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United States Department of Agriculture

Agricultural Research Service

Research Project: Innovative Genetic Approaches for Improving Maize Germplasm for Product Quality and Adaption to Diverse Production Systems

Location: Corn Insects and Crop Genetics Research

Title: Anthocyanins, phenolic compounds, and antioxidant activity in waxy corn germplasm

Authors
item Harakotr, B -
item Suriham, B -
item Tangwongchai, R -
item Scott, Marvin
item Lertrat, K -

Submitted to: Journal of Food Chemistry
Publication Type: Peer Reviewed Journal
Publication Acceptance Date: May 14, 2014
Publication Date: May 21, 2014
Citation: Harakotr, B., Suriham, B., Tangwongchai, R., Scott, M.P., Lertrat, K. 2014. Anthocyanins, phenolic compounds, and antioxidant activity in waxy corn germplasm. Journal of Food Chemistry. 164:510-517.

Interpretive Summary: Antioxidants are nutritionally beneficial compounds in many foods. We compared different methods of preparing fresh corn with respect to their effect on antioxidant content. We found that steaming is better than boiling and leaving kernels on the cob is better than removing them from the cob in terms of the level of antioxidants retained in the final food product. The cooking water used to prepare blue corn is a rich source of antioxidant and may be a valuable co-product of corn preparation. The results of this study indicate how to prepare fresh corn with optimal nutritional quality.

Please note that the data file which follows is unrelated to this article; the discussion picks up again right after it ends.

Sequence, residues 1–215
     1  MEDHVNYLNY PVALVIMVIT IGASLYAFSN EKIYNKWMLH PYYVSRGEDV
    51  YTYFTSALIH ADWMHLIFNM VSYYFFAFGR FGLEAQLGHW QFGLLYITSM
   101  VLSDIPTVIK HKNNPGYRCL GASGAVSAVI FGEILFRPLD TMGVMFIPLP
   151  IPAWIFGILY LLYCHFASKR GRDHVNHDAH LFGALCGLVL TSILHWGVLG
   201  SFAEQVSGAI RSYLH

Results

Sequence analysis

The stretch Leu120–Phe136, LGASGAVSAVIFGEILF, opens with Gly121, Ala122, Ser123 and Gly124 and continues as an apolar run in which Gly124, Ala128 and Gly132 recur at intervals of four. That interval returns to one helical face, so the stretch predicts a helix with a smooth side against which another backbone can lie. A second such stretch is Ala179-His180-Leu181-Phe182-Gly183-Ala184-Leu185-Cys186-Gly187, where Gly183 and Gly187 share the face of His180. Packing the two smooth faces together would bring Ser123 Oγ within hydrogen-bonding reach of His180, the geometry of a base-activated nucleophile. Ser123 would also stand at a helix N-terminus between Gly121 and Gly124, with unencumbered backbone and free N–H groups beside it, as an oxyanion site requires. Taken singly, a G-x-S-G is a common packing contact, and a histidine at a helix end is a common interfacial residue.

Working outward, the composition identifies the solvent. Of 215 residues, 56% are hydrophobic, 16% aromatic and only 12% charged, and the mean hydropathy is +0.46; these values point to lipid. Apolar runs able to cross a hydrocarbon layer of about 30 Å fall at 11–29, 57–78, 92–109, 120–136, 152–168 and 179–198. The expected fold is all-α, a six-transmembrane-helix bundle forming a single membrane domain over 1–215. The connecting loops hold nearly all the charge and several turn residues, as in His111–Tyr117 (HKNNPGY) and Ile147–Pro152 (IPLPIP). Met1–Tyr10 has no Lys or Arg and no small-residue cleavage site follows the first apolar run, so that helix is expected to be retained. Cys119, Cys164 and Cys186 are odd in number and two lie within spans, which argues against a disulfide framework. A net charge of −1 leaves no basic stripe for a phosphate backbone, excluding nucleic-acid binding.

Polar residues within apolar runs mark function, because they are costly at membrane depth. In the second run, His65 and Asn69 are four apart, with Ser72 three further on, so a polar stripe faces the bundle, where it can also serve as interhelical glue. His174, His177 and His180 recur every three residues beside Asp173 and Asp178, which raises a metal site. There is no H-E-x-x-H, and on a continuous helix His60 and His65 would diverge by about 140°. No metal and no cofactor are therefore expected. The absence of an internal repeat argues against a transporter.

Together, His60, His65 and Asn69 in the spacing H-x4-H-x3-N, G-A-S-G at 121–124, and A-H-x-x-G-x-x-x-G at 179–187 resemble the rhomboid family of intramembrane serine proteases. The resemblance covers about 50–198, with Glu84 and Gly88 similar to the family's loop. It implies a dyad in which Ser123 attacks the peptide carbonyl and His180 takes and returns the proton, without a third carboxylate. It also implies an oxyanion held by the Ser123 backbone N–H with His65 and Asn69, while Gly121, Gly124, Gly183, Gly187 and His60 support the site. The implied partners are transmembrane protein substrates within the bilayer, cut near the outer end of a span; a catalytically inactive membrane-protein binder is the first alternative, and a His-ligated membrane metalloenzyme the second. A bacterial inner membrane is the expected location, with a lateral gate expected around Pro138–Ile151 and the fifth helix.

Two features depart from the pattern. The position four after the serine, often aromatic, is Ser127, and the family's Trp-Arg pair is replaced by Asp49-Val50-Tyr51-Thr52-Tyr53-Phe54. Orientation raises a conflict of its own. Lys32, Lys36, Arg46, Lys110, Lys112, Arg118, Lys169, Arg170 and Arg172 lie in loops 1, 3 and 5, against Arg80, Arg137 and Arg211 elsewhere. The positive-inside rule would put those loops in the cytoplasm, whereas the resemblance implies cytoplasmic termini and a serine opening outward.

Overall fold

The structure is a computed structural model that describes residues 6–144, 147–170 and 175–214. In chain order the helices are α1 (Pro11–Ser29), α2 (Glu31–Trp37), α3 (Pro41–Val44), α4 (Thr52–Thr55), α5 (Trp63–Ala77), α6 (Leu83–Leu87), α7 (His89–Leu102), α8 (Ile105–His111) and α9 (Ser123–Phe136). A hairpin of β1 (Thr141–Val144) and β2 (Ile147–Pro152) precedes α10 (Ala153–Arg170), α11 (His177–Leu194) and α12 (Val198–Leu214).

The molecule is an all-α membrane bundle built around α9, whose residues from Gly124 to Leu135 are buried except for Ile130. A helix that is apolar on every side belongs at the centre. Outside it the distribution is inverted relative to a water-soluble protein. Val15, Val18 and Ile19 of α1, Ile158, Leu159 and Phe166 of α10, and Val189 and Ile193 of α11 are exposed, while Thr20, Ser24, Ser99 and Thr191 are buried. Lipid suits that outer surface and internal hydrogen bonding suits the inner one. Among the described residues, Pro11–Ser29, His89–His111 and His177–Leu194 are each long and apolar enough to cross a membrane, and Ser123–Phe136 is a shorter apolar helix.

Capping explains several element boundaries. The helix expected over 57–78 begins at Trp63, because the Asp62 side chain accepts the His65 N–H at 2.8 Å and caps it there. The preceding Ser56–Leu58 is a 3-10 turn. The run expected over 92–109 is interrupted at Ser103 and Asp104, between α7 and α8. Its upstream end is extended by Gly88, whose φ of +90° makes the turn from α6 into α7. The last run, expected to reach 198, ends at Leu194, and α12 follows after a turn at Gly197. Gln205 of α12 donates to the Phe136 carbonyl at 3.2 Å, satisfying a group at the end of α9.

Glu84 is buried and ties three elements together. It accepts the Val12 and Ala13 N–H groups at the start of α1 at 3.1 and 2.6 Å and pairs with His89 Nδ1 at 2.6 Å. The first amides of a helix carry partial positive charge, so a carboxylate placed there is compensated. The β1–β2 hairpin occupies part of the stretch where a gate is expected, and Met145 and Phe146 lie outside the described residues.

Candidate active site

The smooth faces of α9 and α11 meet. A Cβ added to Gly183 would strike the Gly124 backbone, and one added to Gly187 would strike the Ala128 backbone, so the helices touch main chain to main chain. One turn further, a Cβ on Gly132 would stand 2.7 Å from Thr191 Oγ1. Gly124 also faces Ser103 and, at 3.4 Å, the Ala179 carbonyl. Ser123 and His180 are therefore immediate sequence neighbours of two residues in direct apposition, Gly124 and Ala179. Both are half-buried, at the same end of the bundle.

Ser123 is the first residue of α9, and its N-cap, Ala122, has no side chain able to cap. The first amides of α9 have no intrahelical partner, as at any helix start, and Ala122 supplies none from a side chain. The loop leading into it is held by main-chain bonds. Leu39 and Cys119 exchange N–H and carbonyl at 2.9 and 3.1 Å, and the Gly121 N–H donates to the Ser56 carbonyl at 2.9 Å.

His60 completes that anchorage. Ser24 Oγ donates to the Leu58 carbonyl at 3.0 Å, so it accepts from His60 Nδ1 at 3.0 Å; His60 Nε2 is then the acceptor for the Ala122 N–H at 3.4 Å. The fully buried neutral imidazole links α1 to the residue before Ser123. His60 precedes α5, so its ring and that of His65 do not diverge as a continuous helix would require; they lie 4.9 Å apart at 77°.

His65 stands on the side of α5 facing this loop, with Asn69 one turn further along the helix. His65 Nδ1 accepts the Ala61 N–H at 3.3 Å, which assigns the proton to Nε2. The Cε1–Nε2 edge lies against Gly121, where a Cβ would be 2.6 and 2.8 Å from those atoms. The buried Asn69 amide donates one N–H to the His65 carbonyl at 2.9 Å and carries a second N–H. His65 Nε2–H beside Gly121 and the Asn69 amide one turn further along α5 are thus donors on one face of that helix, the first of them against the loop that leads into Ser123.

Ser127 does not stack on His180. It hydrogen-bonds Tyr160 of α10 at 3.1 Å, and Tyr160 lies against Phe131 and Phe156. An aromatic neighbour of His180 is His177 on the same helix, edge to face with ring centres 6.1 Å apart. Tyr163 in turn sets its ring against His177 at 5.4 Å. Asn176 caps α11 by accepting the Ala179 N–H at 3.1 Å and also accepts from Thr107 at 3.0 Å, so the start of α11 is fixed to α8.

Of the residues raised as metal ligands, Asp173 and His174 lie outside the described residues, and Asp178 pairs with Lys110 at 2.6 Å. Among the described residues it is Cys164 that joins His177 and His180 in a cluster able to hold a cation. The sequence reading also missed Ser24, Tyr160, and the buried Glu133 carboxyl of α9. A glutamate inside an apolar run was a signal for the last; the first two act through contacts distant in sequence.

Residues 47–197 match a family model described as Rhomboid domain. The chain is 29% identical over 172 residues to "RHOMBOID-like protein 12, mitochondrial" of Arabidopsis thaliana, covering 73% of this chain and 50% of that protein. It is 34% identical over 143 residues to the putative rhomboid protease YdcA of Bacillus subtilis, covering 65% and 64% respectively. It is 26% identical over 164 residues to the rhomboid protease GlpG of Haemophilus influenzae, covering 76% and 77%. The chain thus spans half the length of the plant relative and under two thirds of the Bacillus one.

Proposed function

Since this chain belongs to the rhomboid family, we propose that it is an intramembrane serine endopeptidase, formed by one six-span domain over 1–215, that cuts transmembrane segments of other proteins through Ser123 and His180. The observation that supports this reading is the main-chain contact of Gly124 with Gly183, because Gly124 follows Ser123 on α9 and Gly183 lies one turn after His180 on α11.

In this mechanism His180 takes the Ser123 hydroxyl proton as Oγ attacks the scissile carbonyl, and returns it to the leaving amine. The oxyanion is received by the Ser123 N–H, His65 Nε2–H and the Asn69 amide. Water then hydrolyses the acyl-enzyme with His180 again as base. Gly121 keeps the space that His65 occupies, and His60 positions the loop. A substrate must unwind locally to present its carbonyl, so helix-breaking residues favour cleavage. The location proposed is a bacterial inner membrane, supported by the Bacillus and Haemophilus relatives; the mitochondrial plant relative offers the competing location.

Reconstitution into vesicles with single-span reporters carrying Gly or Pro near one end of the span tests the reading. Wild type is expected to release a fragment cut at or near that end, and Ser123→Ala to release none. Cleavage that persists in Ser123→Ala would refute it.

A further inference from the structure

Technical Abstract: Antioxidant components, including anthocyanins and phenolic compounds, antioxidant activity, and their changes during traditional cooking of fresh purple waxy corn were investigated. As compared to the raw corn, thermal treatment caused significant (p < 0.05) decreases in each antioxidant compound and antioxidant activity. Steam cooking preserved more antioxidant compounds than boiling. Boiling caused a significant loss of anthocyanin and phenolic compounds into the cooking water. This cooking water is a valuable co-product because it is a good source of purple pigment. By comparing levels of antioxidant compounds in raw and cooked corn, we determined that degradation results in greater loss than leaching or diffusion into cooking water. Additionally, separation of kernels from the cob prior to cooking caused increased loss of antioxidant compounds.

Last Modified: 11/28/2014
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